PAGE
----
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Article | April 30, 1995
Upscale dressings get Olympic treatment
When athletes sit down to eat at the 1996 Summer Olympics in Atlanta, they may encounter Olympic 'gold' decorating on the sauce bottle they pour.
"We had predicted a 50% growth rate for 1993" says Budd. "Instead our sales increased by 65%. We know the new bottles were a significant factor." According to Glover sales shot up another 65% last year too as Oak Hill expanded distribution into West Coast markets. This growth has led the company to build a new 33-sq-ft plant that should be ready this summer beginning with two and later adding a third packaging line to handle Olympic-sized sales for next year. Oak Hill currently fills a total of 34 gourmet sauces and dressings evenly split between the 5-oz and 375-mL sizes. Sold primarily through gourmet and specialty shops the products retail for between $3.50 to $7.00.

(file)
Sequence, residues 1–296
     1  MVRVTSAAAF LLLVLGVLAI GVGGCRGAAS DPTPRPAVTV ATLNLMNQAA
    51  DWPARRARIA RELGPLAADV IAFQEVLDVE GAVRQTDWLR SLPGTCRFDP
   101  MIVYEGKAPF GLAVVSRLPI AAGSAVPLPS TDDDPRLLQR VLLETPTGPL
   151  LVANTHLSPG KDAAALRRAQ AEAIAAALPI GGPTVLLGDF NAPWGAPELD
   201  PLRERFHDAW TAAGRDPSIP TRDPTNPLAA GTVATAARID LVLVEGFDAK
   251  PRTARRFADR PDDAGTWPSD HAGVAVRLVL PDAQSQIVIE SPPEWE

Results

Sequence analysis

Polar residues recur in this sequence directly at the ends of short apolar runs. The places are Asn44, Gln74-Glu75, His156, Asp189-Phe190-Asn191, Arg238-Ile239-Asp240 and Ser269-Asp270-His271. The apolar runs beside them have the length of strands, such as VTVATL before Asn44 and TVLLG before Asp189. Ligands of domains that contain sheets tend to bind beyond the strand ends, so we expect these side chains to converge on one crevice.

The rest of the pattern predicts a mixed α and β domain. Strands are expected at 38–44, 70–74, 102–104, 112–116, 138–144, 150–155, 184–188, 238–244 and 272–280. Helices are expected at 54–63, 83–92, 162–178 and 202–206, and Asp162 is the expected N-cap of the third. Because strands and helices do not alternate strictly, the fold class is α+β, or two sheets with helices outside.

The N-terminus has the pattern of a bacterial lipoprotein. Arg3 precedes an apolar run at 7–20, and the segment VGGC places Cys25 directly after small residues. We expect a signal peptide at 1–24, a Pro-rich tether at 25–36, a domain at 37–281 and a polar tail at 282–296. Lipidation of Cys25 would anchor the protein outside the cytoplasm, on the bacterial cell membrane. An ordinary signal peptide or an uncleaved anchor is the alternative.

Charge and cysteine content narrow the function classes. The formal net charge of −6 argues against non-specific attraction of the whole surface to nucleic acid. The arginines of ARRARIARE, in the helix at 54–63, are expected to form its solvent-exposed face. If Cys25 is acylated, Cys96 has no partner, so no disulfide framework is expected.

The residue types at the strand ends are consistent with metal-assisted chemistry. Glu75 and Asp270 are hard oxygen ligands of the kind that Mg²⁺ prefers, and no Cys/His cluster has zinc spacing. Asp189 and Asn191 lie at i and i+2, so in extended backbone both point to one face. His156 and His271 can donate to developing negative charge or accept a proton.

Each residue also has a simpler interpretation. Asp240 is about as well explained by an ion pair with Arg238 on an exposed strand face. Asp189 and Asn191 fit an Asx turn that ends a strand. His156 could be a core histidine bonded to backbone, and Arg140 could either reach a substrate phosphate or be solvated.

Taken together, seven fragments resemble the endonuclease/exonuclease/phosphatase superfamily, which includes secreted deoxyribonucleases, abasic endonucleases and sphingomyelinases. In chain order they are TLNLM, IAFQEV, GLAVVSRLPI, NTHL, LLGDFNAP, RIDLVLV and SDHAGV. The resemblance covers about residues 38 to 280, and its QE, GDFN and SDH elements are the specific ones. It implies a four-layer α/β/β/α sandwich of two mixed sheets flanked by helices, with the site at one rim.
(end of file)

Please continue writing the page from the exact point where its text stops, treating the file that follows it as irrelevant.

Since the mid '80s Atlanta-based Oak Hill Farms has been causing a stir in the gourmet food industry with its upscale dressings and sauces. But the company profile should reach a new high in the months to come now that Oak Hill has been approved as a 1996 Olympic Games Gourmet Collection licensee. "We've started packing under that label and will be introducing a couple of products at a time this year until we have all the products ready for next year" says sales manager Ross Glover. Supplied by The Label Factory (Santa Ana CA) the pressure-sensitive label is gold foil-embossed. Also fueling sales growth for the firm is a custom bottle designed in 1993. Owner Bob Budd attributes part of Oak Hill's recent success to this distinctive container. "We always knew we had the best possible product but our packaging wasn't upscale and distinctive enough to communicate that message" Budd points out.Oak Hill worked with the Atlanta office of Berlin Packaging (Chicago IL) to come up with a custom bottle that would give the firm the kind of unique packaging identity it needed both for its 5-oz and 375-mL (12.68-oz) offerings. The new shape-a soft-shouldered 12-sided bottle-emerged as the design of choice. The next challenge was to find glass manufacturers that could produce the bottle to the design specifications. British Glass manufacturer Beatson Clark (Rotherham S. Yorkshire England) came to the rescue on the 5-oz size. Berlin had worked with Beatson Clark on other challenging glass containers and knew that the company had vast production experience with smaller-sized multifaceted bottles. For the larger container Berlin turned to Arkansas Glass (Jonesboro AR).
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